Color composition features in modern architecture

Autores UPV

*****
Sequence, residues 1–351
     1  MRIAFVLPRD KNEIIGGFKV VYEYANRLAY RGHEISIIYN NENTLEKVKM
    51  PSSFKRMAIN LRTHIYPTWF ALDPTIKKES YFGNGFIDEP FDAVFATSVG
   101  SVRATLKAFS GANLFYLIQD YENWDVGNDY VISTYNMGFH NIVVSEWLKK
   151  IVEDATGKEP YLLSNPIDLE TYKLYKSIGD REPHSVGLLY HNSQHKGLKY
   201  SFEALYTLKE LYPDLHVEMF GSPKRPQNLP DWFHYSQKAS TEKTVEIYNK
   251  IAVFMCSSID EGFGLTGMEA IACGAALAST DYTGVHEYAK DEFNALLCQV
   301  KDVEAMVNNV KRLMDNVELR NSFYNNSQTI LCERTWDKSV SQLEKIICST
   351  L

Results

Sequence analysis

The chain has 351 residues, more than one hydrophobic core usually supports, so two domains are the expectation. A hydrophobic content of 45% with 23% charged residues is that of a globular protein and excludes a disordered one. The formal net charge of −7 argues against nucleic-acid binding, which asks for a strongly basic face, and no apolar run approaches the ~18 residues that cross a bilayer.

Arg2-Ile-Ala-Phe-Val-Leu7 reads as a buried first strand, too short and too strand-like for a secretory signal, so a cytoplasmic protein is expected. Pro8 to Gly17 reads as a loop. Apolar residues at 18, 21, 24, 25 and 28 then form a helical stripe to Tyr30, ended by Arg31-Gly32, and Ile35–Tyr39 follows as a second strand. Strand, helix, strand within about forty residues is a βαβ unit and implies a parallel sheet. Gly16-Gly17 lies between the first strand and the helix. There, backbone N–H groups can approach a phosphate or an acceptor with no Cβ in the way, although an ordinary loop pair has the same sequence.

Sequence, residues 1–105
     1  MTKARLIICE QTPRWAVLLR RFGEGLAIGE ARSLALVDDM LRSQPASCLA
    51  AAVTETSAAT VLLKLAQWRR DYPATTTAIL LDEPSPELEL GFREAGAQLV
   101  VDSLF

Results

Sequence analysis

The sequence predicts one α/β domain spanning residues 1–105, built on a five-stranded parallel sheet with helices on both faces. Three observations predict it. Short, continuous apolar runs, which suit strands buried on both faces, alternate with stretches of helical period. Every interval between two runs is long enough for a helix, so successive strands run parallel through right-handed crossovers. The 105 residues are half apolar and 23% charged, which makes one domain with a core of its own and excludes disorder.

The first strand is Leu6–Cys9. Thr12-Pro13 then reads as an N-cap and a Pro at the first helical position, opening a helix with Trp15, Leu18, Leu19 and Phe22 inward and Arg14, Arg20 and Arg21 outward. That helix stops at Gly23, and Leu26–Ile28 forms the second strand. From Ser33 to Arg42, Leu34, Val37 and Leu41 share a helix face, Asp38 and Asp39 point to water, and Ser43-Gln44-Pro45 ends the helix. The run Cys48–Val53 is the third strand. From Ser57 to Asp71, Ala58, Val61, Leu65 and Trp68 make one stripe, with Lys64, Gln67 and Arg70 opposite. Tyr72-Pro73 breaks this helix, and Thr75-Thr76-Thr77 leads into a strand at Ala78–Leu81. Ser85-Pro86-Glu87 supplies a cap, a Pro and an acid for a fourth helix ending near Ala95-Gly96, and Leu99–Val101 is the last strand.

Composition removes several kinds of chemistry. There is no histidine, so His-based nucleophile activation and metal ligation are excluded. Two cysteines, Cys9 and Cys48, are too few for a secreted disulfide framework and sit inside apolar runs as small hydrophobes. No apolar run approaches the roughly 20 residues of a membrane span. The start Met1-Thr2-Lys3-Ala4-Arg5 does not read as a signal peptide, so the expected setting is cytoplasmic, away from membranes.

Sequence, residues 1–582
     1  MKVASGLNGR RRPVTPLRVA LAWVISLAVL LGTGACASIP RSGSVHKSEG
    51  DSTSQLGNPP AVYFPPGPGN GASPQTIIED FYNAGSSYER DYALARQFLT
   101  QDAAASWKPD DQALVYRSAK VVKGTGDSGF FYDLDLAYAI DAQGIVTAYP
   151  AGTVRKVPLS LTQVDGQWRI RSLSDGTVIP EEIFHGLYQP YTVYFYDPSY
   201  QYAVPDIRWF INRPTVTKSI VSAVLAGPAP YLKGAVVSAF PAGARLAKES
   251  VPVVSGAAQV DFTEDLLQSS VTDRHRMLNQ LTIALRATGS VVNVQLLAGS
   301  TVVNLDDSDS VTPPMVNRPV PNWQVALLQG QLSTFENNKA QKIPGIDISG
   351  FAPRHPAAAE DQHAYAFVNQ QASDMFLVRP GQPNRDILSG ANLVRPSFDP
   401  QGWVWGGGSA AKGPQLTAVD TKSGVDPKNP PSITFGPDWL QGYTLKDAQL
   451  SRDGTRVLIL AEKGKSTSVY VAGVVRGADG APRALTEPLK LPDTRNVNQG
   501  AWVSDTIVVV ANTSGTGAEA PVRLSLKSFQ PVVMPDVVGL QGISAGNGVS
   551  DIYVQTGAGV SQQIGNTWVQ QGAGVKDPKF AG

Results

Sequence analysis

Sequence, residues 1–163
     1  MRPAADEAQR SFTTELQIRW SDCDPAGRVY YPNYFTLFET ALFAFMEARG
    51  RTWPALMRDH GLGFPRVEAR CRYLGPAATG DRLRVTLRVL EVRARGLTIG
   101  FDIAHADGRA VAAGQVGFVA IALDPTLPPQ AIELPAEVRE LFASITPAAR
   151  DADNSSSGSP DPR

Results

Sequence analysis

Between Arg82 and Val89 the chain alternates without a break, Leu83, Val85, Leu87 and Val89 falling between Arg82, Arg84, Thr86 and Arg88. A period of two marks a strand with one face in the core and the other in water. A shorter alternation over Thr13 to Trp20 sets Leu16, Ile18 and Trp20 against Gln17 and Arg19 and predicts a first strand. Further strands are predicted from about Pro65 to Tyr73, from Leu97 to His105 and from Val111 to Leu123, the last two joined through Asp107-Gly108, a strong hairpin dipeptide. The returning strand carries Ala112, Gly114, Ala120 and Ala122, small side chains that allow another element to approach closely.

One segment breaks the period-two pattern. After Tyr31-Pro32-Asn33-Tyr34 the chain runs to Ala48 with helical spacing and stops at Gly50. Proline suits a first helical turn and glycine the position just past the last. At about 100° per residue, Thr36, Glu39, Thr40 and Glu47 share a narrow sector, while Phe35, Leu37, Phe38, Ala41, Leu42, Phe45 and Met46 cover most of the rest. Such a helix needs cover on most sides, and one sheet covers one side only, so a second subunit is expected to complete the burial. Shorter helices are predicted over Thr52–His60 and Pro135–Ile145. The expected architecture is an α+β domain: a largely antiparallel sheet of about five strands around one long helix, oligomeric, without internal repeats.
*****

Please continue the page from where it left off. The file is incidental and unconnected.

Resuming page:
The color composition in modern architecture has been often characterized in a simplistic manner. In fact, this is a complex phenomenon to be studied because of the disparity of proposals and the uniqueness of the architects involved. This research starts with a comparative study of three of the most relevant color composition systems in the first half of the 20th century (Purism and Le Corbusier, Expressionism and Taut, Neoplasticism and Rietveld), and aims to find common characteristics among them, discussing the validity of some widespread ideas about it, such as the prominence of white hues, the use of "flat colors," or the conception of color during the ideation phase. We propose and demonstrate three principles that are not categorical about the color composition in modern architecture: it limits the variety of hues; it not only uses white color but also displays color to conform shapes and to transform them; color has ethical connotations and not only aesthetic ones. Copyright © 2011 Wiley Periodicals, Inc.